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Neuroendocrinology. 1984 Dec;39(6):563-72.

The importance of the peripeduncular nucleus in the neuroendocrine control of sexual behavior and milk ejection in the rat.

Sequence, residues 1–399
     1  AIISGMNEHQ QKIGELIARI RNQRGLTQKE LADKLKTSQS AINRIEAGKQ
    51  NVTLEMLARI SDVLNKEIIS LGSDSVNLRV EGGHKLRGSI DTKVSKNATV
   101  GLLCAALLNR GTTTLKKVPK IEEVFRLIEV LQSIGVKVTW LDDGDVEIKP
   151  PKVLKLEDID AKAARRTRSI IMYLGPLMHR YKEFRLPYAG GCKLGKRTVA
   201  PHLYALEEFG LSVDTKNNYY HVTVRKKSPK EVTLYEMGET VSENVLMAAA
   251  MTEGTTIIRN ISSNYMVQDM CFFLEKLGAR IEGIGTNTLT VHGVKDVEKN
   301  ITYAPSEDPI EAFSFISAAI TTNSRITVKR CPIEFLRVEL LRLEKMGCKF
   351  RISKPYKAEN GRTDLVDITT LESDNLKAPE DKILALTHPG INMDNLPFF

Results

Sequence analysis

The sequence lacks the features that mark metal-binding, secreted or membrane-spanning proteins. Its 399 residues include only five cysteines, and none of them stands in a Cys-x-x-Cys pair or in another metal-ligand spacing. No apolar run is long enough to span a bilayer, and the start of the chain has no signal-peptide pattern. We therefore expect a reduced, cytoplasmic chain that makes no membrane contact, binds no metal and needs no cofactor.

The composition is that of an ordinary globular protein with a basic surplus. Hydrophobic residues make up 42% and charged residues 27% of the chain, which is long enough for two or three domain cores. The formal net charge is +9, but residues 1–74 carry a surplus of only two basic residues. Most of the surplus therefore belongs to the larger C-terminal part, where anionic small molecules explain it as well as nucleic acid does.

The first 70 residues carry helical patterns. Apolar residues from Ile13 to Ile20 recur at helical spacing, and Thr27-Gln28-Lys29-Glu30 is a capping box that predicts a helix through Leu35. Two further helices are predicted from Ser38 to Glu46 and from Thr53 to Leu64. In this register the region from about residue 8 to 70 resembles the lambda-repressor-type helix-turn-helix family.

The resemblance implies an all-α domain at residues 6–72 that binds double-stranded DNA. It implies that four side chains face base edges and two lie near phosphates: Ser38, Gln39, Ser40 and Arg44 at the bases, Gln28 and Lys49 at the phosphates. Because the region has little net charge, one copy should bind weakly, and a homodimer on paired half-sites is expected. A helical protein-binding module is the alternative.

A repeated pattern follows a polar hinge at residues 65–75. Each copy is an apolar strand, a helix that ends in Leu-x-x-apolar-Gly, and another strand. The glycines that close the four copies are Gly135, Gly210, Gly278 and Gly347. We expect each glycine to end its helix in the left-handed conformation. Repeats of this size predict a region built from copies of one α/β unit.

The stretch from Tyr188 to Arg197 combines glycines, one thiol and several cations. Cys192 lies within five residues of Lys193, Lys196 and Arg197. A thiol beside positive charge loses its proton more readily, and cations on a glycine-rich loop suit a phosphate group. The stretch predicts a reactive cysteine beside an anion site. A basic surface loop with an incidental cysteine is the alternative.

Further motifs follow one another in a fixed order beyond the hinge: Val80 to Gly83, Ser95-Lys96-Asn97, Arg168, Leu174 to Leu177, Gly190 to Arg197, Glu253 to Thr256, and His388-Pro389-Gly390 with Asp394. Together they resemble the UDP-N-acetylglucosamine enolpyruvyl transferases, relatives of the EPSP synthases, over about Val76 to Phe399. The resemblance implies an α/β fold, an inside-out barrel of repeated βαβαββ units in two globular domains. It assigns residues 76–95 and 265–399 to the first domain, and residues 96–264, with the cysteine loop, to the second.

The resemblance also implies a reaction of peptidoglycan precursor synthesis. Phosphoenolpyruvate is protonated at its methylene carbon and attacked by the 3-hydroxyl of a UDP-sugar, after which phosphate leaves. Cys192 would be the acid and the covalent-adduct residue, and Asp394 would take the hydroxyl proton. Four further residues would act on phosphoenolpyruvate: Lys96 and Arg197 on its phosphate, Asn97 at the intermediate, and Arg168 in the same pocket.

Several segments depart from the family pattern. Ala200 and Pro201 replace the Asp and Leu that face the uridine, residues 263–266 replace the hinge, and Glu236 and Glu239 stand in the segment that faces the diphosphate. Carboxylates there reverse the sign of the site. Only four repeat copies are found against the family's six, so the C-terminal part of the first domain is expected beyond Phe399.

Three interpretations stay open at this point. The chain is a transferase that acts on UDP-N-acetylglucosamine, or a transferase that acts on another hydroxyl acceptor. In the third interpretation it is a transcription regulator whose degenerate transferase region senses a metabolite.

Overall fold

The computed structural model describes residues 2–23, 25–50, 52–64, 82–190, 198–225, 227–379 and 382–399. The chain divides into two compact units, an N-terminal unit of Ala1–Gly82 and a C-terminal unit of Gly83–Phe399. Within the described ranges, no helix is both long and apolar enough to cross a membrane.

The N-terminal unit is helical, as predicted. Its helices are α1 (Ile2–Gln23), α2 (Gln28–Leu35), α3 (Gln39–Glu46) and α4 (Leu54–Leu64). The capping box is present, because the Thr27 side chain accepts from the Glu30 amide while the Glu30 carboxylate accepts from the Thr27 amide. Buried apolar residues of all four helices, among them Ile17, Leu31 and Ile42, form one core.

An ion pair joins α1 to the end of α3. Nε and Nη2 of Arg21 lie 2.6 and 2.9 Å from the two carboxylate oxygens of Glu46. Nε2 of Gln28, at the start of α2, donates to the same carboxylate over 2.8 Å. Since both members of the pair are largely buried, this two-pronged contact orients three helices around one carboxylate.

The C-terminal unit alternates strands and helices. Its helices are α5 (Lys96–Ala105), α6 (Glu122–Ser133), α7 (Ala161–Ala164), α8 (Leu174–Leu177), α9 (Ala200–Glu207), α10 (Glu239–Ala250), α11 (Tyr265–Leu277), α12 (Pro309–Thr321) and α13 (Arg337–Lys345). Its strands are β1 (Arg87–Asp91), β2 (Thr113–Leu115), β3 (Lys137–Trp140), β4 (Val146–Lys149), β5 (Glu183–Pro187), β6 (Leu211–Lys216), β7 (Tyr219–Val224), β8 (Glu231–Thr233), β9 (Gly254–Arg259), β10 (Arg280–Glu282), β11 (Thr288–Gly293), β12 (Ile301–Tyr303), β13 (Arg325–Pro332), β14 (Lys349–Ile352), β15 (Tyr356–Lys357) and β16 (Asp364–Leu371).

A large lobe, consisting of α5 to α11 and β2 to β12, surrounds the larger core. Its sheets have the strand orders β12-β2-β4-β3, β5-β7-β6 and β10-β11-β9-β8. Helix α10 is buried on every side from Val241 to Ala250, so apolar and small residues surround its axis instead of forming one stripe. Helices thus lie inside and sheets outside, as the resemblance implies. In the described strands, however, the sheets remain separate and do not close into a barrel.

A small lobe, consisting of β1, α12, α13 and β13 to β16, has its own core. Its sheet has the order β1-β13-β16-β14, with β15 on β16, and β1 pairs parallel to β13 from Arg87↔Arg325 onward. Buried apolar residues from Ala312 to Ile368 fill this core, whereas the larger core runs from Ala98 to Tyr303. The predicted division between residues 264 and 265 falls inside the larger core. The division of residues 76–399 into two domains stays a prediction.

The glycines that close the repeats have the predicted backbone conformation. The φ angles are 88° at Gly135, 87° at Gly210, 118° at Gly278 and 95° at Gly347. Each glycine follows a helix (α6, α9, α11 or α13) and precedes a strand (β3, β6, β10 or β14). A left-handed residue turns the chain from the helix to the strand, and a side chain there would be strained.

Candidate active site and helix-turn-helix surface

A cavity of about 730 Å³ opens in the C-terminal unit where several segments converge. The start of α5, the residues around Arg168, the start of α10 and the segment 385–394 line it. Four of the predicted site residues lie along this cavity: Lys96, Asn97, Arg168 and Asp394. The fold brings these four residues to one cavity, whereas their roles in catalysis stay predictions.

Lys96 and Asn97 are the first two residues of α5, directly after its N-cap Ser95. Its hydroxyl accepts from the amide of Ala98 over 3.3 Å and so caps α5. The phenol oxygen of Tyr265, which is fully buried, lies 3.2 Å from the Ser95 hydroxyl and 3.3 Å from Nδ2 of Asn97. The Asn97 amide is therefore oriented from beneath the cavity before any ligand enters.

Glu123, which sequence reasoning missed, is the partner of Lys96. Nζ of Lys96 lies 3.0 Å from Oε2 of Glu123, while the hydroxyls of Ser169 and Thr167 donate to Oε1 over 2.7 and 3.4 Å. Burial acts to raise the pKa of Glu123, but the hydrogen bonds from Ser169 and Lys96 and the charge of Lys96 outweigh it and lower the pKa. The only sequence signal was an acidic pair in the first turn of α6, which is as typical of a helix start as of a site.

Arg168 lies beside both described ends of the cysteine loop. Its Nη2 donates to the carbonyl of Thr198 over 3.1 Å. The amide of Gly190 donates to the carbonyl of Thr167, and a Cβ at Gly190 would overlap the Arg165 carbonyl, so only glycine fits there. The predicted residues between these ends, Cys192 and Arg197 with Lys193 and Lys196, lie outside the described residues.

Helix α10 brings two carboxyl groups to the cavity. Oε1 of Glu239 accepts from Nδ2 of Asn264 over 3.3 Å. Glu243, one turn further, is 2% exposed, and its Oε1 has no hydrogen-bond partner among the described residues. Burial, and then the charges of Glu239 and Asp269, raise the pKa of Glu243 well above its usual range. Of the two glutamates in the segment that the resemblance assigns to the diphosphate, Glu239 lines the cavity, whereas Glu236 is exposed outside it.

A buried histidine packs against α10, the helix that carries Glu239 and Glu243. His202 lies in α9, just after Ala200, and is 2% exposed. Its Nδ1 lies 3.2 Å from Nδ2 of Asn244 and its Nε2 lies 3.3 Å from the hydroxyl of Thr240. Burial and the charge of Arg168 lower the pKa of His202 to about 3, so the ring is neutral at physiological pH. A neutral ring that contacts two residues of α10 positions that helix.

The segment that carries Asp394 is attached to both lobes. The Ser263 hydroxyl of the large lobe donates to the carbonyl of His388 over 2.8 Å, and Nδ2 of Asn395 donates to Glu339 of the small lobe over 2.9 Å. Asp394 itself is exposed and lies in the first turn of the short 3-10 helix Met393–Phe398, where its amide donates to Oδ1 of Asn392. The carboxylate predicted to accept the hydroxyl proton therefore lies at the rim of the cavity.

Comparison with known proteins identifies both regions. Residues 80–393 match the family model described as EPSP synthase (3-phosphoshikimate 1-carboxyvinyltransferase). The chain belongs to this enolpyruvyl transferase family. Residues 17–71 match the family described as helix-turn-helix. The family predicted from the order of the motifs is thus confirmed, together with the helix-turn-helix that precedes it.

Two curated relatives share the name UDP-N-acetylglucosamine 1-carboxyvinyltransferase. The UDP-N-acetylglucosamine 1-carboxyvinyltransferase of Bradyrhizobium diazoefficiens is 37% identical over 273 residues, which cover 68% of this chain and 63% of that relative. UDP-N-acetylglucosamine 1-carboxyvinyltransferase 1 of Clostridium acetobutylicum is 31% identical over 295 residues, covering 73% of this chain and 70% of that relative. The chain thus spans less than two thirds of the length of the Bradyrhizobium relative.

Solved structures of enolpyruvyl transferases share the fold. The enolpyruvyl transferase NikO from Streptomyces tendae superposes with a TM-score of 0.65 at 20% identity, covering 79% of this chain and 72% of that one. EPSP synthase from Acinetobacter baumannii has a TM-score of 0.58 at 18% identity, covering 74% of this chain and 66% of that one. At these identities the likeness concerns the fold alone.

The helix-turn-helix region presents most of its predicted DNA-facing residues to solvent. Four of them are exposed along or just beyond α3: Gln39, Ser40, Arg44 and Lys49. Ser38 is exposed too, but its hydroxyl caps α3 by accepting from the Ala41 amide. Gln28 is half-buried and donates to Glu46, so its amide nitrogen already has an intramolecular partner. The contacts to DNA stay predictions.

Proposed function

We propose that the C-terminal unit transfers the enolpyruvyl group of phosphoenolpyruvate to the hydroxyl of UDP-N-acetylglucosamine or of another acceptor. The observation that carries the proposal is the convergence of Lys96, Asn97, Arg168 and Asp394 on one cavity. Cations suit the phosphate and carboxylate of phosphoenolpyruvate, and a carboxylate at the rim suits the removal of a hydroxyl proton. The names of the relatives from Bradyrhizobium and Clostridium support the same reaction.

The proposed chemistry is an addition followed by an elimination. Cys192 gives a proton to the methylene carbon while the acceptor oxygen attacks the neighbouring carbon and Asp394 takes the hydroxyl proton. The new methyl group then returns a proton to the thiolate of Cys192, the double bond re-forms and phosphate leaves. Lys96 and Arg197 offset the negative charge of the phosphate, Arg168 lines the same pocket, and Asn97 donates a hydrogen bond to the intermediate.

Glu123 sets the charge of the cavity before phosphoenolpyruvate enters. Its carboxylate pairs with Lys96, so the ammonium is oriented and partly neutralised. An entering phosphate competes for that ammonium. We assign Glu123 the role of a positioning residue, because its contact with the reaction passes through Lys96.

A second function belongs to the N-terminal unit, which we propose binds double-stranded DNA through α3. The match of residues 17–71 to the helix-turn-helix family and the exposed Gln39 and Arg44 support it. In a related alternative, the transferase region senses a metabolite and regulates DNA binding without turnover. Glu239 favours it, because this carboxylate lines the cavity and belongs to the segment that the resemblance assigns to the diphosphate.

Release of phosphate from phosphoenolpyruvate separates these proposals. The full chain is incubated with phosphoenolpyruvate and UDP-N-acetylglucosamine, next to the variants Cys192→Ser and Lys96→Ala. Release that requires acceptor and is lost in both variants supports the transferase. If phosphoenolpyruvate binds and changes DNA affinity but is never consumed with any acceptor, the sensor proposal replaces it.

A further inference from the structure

Electrocoagulations situated in the lateral midbrain tegmentum cause severe deficits in sexual behavior and lactational performance of rats. In this study we determined the extent to which these effects could be reproduced by axon-sparing lesions using the excitotoxin, ibotenic acid; in another group of rats, 6-OHDA was infused in the same area to degenerate the mesencephalic catecholamine neuronal elements affected by the electrocoagulations. It was found that ibotenic acid, but not 6-OHDA, reproduced most of the effects produced by electrolytic lesions. Thus, female rats bearing ibotenic acid lesions showed little sexual receptivity and proceptivity in response to estrogen and progestin treatment, and the milk ejection reflex appeared nonfunctional following the lesion. Ibotenic acid-infused male rats failed to ejaculate on most postoperative observations, though they continued to mount he estrous female. Examination of the lesions with immunohistochemical visualization of tyrosine-hydroxylase- and substance P-positive neurons, and thionine staining, revealed that the neurotoxins exhibited the intended selectivity, though the ibotenic acid lesions were associated with loss of substance P-immunoreactive nerve terminals in the substantia nigra and the peripeduncular region. It is suggested that the peripeduncular nucleus plays an important role in the neuroendocrine control of male and female copulatory behavior, as well as in the regulation of the milk ejection reflex.

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